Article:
For those who went off to war from the United States, many of them very young men, the war was both an adventure and an ordeal.  Many of these boys had never travelled far from home in the U,S., let alone experienced different cultures abroad.  Relatively few Americans served in China with the Flying Tigers and other units, but for many of them China was a strange place indeed.  Almost none of them could speak or understand Chinese  -- any dialect – nor did they know much about China.  The pilots did seem to “enjoy” their work if that is the proper term.  That said, some of them were shot down or did not survive the war.  And conditions in Sichuan and Yunnan were far from comfortable.  Heat, humidity, pests, and disease took their toll on the men and their morale.
 
                The interaction between Americans and the local populations in places like Xizhou was limited but cordial and after the war many of the pilots and their support crews had fond memories of their service in China.  It is more difficult to gauge how the local population responded to them, but perhaps you can find more about that during your visit.
 
                I know this isn’t much information.  That said, I hope it helps a little.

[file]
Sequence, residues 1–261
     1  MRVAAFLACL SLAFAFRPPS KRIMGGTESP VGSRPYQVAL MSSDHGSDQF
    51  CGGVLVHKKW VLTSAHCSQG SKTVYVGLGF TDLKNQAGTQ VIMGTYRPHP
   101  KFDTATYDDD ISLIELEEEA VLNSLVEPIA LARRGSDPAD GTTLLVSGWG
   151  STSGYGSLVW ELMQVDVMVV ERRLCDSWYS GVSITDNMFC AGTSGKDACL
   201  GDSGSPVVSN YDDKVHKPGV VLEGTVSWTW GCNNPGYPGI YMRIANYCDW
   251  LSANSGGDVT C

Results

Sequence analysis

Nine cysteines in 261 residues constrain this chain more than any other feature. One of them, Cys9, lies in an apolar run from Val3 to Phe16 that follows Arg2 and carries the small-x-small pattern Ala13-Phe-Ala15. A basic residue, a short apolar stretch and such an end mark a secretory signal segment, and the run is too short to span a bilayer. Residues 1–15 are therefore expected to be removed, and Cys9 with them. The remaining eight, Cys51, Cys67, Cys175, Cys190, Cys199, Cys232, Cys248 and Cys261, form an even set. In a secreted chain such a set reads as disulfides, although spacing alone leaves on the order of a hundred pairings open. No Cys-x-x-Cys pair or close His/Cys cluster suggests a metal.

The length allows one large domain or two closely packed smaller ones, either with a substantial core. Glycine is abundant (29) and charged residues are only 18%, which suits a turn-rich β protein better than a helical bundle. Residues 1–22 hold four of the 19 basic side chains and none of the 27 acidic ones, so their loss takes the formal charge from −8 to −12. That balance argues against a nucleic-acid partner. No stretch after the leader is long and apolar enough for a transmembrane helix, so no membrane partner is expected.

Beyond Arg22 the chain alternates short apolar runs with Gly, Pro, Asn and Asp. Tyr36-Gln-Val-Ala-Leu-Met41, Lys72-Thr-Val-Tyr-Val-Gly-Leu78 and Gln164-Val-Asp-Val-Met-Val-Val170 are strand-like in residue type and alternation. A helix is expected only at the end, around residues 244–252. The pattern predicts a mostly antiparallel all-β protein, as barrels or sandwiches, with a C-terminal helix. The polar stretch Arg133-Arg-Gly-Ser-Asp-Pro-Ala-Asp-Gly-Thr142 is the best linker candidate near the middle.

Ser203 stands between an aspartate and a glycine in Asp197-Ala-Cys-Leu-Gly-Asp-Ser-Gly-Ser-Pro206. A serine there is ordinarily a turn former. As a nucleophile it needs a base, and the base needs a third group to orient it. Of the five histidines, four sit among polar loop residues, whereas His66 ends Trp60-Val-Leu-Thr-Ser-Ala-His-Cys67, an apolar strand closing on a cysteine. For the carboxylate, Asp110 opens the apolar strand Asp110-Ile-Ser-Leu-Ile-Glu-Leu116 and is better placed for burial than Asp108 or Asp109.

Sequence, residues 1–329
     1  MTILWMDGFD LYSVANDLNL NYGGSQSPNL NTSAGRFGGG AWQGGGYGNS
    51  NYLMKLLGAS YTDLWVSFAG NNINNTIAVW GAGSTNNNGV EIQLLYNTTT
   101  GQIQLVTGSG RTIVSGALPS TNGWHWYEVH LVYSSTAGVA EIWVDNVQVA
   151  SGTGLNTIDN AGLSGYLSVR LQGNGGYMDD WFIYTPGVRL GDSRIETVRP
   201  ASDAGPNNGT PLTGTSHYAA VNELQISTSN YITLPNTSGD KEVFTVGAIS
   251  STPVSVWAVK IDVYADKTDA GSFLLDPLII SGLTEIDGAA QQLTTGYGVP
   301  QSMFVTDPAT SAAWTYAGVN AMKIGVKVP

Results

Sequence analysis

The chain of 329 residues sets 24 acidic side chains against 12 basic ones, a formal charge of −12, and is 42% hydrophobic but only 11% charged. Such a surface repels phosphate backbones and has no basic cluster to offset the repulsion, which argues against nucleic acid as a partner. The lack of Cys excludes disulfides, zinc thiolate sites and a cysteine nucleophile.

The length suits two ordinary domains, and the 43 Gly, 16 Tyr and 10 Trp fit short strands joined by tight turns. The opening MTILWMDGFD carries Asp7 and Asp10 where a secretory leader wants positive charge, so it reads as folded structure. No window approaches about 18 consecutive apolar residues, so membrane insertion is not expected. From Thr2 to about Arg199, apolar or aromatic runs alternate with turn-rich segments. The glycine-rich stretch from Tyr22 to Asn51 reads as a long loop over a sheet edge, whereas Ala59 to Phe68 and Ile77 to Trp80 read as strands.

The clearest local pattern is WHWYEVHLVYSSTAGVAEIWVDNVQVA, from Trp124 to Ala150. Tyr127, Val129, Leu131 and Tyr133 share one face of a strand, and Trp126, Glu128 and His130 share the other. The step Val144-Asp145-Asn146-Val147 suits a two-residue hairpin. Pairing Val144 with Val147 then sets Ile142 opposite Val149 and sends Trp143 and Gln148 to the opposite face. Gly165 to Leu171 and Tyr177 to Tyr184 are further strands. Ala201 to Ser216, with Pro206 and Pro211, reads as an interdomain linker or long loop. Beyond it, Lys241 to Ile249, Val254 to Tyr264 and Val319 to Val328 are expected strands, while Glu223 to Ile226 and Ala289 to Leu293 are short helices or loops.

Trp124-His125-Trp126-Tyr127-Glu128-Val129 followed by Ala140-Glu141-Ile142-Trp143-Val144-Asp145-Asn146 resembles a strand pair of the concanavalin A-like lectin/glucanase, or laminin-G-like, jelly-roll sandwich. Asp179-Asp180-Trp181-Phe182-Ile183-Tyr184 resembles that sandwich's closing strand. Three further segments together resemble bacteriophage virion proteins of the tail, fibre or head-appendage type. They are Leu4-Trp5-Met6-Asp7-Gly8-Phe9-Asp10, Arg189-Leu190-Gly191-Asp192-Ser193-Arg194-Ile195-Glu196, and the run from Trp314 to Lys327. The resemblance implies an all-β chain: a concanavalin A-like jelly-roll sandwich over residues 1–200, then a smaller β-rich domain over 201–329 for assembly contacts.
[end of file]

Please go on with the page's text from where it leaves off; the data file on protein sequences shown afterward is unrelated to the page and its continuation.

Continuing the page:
Best/RH

Three-to-Fives

Three-to-Fives are interviews with local Linden Centre staff and Mr Tafel and Ms Mai. They are three to five minutes long with three to five people. The purpose of these are to develop an extensive list of contacts that will help us find information about our topic.

My first three-to-five was with Mrs Linden. I chose to interview her because she has been in Xizhou for many years. My fellow Microcampus students suggested her to me because they said she knew a lot about history. 

The second person I interviewed was Ms Mai, who is the cohead of Microcampus along with Mr T. She has been here several times with other Microcampus groups, and knows the locals in Xizhou. Ms Mai was able to give a brief explanation on the locals' life story and how they would be able to help me.

Mr T was my third interviewee, as well as head of Microcampus. I chose him because he has been to Xizhou numerous times, and is very familiar with the locals. He has also been to Xizhou many times with the other Microcampus groups.